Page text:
Fort Worth — For the world premiere of Smart Pretty Funny by Kathleen Culebro at Amphibian Stage Productions, director Lisa Devine has devised a clever and charming staging for this story of entanglement and the human search for order.
The premise: someone sent everyone in the world a letter that revealed the name of their true love, but no one asks who sent the email. Instead, the characters’ focus is on what name is revealed in each person’s letter. Each letter exposes interesting fears such as what if the true love identified in the recipient’s letter is not the recipient’s mate?
This is a contemporary story told through the experiences of one family. Quantum physics-obsessed scientist Meg (Vanessa DeSilvio) has been abandoned by her boyfriend Sebastian, whom the audience never sees. After receiving his letter and learning his true love’s name, Sebastian left for Portugal to find her. Meg’s sister, actress/yoga teacher Sophia (Anastasia Muñoz) is married to David (Ivan Jasso). They have a daughter, Cassie, with special needs. Sophia is furious with David because he destroyed the letters upon receipt out of fear that their marriage might be destroyed by the revelations.
Meg and Sophia’s mother, Alicia (Gretchen Corbett) is trudging through the mire of guilt and mourning for her deceased husband Walter, and loving Teddy (Van Quattro) who also happens to be the true love revealed in her letter. This family of successful high-achievers is not particularly happy due in large part to the burdensome secrets each is carrying. How will each of them respond to the reveal in their letter?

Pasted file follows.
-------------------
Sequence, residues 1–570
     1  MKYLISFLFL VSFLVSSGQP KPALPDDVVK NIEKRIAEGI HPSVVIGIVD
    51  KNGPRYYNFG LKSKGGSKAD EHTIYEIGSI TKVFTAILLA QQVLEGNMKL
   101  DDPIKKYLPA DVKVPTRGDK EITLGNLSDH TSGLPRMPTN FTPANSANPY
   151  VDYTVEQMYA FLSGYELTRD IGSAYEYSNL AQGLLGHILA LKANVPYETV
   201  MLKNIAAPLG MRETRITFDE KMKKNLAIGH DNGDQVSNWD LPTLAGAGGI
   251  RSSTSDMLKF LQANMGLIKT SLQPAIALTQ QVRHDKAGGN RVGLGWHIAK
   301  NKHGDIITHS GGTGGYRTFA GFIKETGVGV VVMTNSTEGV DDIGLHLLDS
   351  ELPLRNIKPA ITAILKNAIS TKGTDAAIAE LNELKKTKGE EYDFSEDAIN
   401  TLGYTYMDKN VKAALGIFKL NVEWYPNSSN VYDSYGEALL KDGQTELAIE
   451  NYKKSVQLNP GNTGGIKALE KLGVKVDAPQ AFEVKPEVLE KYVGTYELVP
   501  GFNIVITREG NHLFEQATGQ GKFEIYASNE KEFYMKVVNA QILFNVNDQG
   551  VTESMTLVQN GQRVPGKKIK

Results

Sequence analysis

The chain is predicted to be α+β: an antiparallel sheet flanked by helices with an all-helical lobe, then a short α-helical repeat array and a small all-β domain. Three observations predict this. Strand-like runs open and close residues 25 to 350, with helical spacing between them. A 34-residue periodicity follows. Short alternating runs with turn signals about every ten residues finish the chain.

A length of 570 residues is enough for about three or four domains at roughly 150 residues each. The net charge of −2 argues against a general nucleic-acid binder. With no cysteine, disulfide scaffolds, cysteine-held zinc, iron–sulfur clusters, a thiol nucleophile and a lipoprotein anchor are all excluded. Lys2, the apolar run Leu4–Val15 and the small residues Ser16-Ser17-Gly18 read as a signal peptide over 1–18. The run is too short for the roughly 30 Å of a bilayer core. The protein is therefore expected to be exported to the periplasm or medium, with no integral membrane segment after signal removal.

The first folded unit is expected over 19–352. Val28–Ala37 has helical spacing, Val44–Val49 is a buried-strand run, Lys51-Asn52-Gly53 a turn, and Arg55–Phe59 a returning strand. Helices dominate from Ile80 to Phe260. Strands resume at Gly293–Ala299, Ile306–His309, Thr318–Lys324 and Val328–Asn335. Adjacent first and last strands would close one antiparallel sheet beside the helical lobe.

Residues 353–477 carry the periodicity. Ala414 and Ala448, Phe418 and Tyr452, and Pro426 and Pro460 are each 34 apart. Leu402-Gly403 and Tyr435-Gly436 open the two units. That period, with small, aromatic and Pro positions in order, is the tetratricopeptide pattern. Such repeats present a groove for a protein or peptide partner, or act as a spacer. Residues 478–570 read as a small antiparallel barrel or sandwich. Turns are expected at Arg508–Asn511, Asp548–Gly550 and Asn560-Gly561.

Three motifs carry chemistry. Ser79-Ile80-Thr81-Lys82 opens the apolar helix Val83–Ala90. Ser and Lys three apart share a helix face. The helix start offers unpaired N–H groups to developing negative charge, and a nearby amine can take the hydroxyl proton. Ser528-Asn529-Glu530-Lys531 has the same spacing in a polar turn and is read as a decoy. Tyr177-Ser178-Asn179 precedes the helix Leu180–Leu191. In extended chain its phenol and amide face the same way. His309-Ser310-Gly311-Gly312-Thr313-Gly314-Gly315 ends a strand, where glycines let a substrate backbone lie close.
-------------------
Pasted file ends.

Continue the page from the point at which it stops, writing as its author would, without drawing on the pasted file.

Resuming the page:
Scenes are bracketed by comical televised breaking news announcements (screen projections) from Channel 11. Former Fort Worth councilman Joel Burns appears in cameo as anchorman Ralph Geneva, attempting to shed light on how the rest of the world is handling the revelation. For instance, an early segment has Ashlee Bashore as Channel 11’s street reporter Joan Price, who interviews new couple Mark Gentry (Winston Daniels) and James Cooper (Garret Storms), brought together by their letter—and exciting about new love. These well-done screen projections are programmed by Nate Davis, with cinematography and video editing by Turquoise Video Production.
The IKEAish modular set design by Bob Lavallee is minimalist with white furniture against a red-washed backdrop and sky side walls. There is movement in the set through its curvilinear lines and birds flying in seasonal formation. The birds are an artistic theme, appearing on greeting/note cards that are used as props and as scenic elements. This set is attractive, appealing and offers director Devine many staging patterns for the actors, and complements Brittny Mahan’s contemporary costumes.
Andrew Garvis’ clean lighting design is quietly dramatic, confidently supportive of the characters. One of the most effective instances is during a touching dialogue between Alicia and Teddy during which Alicia talks about her husband’s dying. That is a nicely written exchange, one of the best acting moments for Corbett and Quattro, framed beautifully by lighting. It is with this scene that Corbett, an LA actress known for decades of TV work (including a main role on The Rockford Files in the late 1970s) seems to find her footing.
This script can benefit from a little massaging here and there. The premise for the story is immediately engaging, even though it moves somewhat distractedly. The character Meg is bold, funny and just short of irritating, but in the hands of DeSilvio, Meg becomes if not entirely sympathetic, relatable. Quattro plays Teddy with honesty and simplicity.
Smart Pretty Funny raises interesting questions within an environment that is heavily framed through electronic communication and global access. That it is appearing at this time when our country and the world are grappling with the realities of technology and internet communications is a stroke of brilliance.
It is refreshing when a new play causes you to go hmmm and wonder “what if?”